Some fans back then thought that Medusa should have replaced the Invisible Girl permanently. Also, most fans appeared to blame Susan Storm for the marital split and not Reed Richards.
Posted by: Frightful Four fan | May 9, 2013 3:53 PM
Future comics writer Mike W. Barr has a letter in #131.
Posted by: Mark Drummond | May 12, 2013 3:01 PM
I mentioned this in the Hulk #166-68 web page comments, and I'll repeat it here. I was just not ready to see a female whomping up on my favorite Marvel sluggers. The Harpy blasting the Hulk into unconsciousness and then carrying him off like a baby, and in these issues Thundra hammering the Thing into the ground. It was tough to take, but it was a turning point in Marvel comics where the super-females began to show some force. Looking back I see it as an excellent growth period, but collecting back then I really needed to convince myself that this was happening. Both the Thing and the Hulk, 2 Marvel powerhouses, were looking quite vulnerable against a lone female opposition.
By the way Thundra in that one page looks absolutely gorgeous thanks to John B's feminine touch. She reminds me of a young Raquel Welch there.
Posted by: Mike | June 29, 2014 8:18 PM
One other thing to add, as I was marveling over John B's art (yes Sue does look a little hefty on that walkout panel - but still sexy!), I came across a few panels while scrolling down that did not look like John B did them. There was that familiar backhand shot with the victim flying upside down and sure enough - it was one of Ross Andru's trademarks. Forgot he had done this one issue, it's been a while.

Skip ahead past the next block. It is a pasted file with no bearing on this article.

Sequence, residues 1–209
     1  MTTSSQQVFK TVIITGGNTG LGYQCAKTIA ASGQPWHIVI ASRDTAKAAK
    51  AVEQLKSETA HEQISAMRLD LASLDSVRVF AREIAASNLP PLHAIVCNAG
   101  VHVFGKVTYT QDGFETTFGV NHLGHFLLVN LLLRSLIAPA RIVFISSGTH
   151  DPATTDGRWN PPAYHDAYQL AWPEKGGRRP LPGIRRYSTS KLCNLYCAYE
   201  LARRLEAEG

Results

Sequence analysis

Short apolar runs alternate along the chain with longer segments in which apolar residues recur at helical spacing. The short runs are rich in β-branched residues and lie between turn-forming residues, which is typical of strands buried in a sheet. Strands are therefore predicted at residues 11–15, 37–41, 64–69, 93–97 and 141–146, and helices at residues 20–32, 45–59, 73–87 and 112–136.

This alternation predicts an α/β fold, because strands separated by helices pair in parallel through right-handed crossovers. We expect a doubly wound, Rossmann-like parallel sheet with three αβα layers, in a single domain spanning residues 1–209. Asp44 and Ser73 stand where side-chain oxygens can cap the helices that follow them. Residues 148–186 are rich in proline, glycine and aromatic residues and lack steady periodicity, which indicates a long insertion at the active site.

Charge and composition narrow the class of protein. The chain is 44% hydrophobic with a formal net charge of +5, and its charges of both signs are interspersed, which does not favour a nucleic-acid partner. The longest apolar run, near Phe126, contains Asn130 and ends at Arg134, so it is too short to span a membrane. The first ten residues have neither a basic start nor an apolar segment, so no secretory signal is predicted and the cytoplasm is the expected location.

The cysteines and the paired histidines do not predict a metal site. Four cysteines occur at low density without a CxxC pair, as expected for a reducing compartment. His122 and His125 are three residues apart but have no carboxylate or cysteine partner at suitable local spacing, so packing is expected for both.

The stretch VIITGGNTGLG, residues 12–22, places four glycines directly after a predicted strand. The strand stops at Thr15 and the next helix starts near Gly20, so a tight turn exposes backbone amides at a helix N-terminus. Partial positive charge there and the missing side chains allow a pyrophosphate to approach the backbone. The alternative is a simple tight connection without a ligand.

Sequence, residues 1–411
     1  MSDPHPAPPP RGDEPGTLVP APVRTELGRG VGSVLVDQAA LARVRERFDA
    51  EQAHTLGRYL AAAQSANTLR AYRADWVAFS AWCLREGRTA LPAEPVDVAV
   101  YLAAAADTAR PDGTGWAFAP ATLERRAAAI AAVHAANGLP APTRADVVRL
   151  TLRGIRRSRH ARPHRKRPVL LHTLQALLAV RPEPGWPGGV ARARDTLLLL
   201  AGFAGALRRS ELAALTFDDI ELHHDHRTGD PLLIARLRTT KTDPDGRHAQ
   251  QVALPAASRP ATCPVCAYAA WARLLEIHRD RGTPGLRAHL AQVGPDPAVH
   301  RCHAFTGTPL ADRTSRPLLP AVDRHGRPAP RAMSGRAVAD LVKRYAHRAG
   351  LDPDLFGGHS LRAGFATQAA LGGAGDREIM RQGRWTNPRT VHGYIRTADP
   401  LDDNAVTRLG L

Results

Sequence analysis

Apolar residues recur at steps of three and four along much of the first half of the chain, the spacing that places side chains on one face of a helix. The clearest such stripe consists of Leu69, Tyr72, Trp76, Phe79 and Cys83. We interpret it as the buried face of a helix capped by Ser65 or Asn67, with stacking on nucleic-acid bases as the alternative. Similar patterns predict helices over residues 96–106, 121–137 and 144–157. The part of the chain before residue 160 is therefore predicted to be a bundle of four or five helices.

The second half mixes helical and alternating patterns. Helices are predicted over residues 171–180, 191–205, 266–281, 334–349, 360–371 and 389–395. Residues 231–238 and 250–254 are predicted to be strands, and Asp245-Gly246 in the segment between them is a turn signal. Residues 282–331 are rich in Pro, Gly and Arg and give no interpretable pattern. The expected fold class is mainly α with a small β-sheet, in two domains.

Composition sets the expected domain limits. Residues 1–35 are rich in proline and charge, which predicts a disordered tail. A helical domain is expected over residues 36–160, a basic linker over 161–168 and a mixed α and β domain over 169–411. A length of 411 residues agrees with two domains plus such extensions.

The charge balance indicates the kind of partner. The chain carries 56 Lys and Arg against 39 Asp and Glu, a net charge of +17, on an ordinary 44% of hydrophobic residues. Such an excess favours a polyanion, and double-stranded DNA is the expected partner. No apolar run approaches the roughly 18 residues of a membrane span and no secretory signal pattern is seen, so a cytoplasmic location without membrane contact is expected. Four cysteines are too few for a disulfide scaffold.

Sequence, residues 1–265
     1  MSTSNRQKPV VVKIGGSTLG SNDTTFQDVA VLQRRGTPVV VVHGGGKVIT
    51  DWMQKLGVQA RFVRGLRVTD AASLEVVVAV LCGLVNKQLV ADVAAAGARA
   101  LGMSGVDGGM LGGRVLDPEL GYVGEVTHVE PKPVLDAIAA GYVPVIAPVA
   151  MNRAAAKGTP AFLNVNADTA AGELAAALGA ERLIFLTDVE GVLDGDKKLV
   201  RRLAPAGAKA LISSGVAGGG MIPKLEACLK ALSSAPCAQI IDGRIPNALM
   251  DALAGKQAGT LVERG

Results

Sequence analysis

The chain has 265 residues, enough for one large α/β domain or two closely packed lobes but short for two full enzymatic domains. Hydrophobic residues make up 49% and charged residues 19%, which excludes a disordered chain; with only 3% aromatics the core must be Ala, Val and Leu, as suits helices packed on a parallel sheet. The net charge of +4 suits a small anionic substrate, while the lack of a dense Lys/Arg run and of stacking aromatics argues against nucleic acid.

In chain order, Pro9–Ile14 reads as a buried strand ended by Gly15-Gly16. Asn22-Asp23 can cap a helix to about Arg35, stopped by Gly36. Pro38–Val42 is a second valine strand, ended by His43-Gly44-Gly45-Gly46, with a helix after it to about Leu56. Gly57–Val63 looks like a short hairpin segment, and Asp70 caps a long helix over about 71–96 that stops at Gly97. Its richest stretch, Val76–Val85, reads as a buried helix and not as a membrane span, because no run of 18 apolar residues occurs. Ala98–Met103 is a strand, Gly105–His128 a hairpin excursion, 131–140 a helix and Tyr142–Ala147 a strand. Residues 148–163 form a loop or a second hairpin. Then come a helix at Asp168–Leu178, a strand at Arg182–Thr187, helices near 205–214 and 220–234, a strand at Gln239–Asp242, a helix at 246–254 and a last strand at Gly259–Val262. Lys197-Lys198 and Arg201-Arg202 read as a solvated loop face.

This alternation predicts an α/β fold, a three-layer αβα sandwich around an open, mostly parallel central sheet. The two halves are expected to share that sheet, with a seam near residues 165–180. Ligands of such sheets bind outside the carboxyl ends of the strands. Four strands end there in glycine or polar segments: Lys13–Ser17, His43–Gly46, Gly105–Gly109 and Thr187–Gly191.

Posted by: Mike | June 29, 2014 8:24 PM
This is minor, but the Medusa & Crystal-watching-over-Pietro sequence is shown twice (the first one should probably be removed as it doesn't correspond to the text about Medusa and Reed).
Posted by: Shar | September 24, 2015 10:38 AM
Posted by: fnord12 | September 24, 2015 12:35 PM
God damn it, Roy Thomas.
Posted by: JP | May 24, 2016 8:17 PM
This story also begins the decline of the Frightful Four in earnest, since all their stories for the next several years are driven by the new "fourth" member. Either it's a new character with a gimmick who outlasts the evil FF themselves, or it's a villain from someone else's rogues' gallery and the evil FF are there to facilitate a team-up story.
Posted by: Omar Karindu | August 28, 2016 7:17 PM